Revenge of the gamers: an epic win for the worldDecember 7th, 2010 by Tommaso De Benetti
As a teenager, I found most adults just couldn’t see the point of videogames. My own parents never seemed to grasp that games had moved on since the days of Pong and Space Invaders. Despite the obvious coolness of my virtual worlds, mom would perpetually storm up to my room and start yelling about irritating trivia like “school work”, “doing your chores”, and the so called “real world” waiting outside the damn door.
Now, at last, game designer and researcher Jane McGonigal has finally given me the argument I so desperately needed as a child (given I started with a Commodore 16 at age five, it’s been a long wait). Playing games can now help to save the real world.
Massive, multiplayer and misunderstood
Jane McGonigal argues that, far from the stereotype of the slack-jawed loner, videogame players are, in fact, engaged, active and motivated to collaborate with each other. Basically, gamers are better at operating in their virtual lives than most people are in their real ones (ignoring the bloodthirsty, megalomaniac nature of their virtual personas, of course).
The statistics are astounding. Globally, every week, people spend the equivalent of 3 billion days playing games. Since it was released in 2004, World of Warcraft devotees alone have racked up 5.93 million years of game play. The average young person, growing up in a game-playing country, will have spent 10,000 hours playing by the time they reach 21. It’s a whole parallel line of education, one that goes almost unnoticed by high schools and colleges.
In his book Outliers, Malcom Gladwell claims (now here’s a coincidence) that 10,000 hours of study is exactly the time it takes to become an expert in virtually any job or discipline. But if that’s the case, what exactly is it that 500 million gamers worldwide are so good at?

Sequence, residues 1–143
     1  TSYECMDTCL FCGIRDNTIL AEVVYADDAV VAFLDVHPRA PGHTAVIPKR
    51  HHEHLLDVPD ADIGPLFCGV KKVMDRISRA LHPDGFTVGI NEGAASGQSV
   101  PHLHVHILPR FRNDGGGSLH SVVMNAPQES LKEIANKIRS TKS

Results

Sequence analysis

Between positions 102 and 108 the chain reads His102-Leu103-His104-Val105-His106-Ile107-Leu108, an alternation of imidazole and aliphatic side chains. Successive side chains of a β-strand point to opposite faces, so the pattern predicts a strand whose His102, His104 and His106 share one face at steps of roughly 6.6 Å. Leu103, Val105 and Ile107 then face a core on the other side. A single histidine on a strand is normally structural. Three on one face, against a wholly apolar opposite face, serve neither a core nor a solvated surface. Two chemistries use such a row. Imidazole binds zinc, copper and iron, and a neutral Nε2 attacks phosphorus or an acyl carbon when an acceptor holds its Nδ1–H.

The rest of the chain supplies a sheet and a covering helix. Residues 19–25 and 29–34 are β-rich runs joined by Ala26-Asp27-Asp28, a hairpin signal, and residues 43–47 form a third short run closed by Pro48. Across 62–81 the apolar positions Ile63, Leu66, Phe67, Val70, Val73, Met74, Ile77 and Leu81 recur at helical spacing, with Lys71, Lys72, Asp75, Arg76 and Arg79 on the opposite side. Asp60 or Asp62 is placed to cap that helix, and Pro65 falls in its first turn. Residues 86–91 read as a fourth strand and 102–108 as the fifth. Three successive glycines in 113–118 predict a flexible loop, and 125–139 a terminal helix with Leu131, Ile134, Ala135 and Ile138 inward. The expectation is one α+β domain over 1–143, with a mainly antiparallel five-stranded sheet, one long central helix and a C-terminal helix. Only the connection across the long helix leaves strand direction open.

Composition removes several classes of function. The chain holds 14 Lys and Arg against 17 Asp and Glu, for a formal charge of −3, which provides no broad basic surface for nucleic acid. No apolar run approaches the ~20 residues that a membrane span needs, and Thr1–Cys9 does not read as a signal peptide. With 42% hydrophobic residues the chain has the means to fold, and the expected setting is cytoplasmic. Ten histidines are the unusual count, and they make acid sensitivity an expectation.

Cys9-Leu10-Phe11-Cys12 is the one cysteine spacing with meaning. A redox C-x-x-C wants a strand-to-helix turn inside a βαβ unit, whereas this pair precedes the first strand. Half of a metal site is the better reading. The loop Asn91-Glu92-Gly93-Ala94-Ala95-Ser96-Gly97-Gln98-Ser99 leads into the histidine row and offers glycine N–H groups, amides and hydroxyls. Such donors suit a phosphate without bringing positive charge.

Jane McGonigal has some answers. Gamers are extremely self-motivated, able to weave tight-knit social networks, good at working hard (and enjoying it!) and addicted to “epic meaning” – great stories, in other words. This powerful mix creates a breed of super-empowered, hopeful individuals. The problem is, they think that they can only change virtual worlds, not the real one. (Blame their parents for this).
So the question is, how do we get gamers to use their phenomenal skill set and motivation to solve real world problems? The answer is simple: we create world-changing games for them to play. With a little help from videogame theorist Edward Castronova, that’s exactly what Jane McGonigal has set out to do.
One of her recent pilots, created in collaboration with the Institute for the Future, was the Superstruct Game. Superstruct works like massively multiplayer disaster movie – a crowd of gamers play together to invent solutions (superstructures) to crises that threaten the planet – from fuel shortages to the global exodus of refugees.
Far from being addicted to a “time wasting hobby” McGonigal’s work shows that gamers are a crowd of experts, ready, waiting and willing to use their skills to create epic wins for the future of the real world.
All of which finally allows me to prove my parents wrong – real life isn’t just outside the door, it’s flickering onscreen, right in front of us.